A personality profile delivers a remarkable insight into you, your characteristics and your communication style. A personality profile gives the opportunity to know who you are, what you can offer and, most importantly, how your managers and your team perceive you.

Personality profiles often show that people are using behaviours they are not comfortable with. This leaves them unfulfilled and stressed as they are most likely in the wrong job or the wrong career.

The DISC personality system, developed by William Moulton Marston, is the universal language of behaviour. People with similar personality profile styles tend to exhibit specific behavioural characteristics. DISC stands for four personality styles. All people share these four styles in varying degrees of intensity:

  • D (Driver, dominant)
  • I (Influencing, inspiring)
  • S (Steady, stable)
  • C (Correct, compliant)

The DISC profiling highlights how you appear to other people, how you cope under pressure and how you see yourself.

The results of the DISC profile report are designed to provide insights and strategies for interpersonal success through more effective communication, understanding and tolerance.

Understanding personality types is helpful for appreciating that while people are different everyone has a value, special strengths and qualities. Also, understanding behavioural styles benefits personal and professional relationships by improving communication skills and reducing conflict.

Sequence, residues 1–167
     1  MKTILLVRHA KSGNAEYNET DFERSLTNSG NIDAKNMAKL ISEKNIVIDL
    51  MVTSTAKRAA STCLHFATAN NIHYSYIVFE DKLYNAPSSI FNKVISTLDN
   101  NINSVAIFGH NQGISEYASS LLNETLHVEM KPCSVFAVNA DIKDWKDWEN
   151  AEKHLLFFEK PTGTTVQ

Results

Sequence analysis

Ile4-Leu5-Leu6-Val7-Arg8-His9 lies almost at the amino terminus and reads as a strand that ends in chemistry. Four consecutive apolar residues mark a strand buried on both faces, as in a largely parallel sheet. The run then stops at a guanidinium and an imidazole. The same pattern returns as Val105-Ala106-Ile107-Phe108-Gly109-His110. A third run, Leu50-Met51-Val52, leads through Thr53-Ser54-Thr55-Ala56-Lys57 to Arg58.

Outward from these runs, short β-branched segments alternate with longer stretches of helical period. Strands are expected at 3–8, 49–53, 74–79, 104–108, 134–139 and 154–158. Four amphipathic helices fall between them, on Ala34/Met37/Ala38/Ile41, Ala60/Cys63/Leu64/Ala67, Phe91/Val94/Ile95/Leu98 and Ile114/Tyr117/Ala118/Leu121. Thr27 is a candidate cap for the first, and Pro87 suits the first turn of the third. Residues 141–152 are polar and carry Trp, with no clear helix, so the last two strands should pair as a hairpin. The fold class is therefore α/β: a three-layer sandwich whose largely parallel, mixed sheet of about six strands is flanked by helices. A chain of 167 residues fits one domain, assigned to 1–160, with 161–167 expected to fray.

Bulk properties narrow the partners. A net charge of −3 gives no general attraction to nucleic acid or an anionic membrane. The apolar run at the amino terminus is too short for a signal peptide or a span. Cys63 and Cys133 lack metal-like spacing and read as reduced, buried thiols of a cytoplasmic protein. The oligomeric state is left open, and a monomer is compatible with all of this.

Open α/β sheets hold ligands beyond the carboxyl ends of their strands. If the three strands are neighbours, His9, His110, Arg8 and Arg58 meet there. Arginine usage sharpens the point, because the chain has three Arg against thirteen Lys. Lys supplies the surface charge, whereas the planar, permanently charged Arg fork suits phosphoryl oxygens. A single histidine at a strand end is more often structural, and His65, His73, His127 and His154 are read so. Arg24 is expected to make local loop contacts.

Examples are:

Driver

General characteristics: direct, decisive, strong ego, problem solver, risk taker, self starter.

Motivated by: new challenges, power and authority to take risks and make decisions, freedom from routine and mundane tasks, changing environments in which to work and play.

Value to team: bottom-line organiser, places value on time, challenges the status quo, innovative.

Possible weaknesses: oversteps authority, argumentative attitude, dislikes routine, attempts too much at once.

Greatest Fear: being taken advantage of.

Compliant

General characteristics: accurate, analytical, conscientious, careful, fact-finder, precise, high standards, systematic.

Motivated by: standards of high quality, limited social interaction, detailed tasks, logical organisation of information.

Value to team: perspective: “the anchor of reality”, conscientious and even-tempered, thorough to all activities, defines situation, gathers, criticises and tests information.

Possible weaknesses: needs clear-cut boundaries for actions/relationships, bound by procedures and methods, gets bogged down in details, prefers not to verbalise feelings, will give in rather than argue.

Greatest Fear: criticism.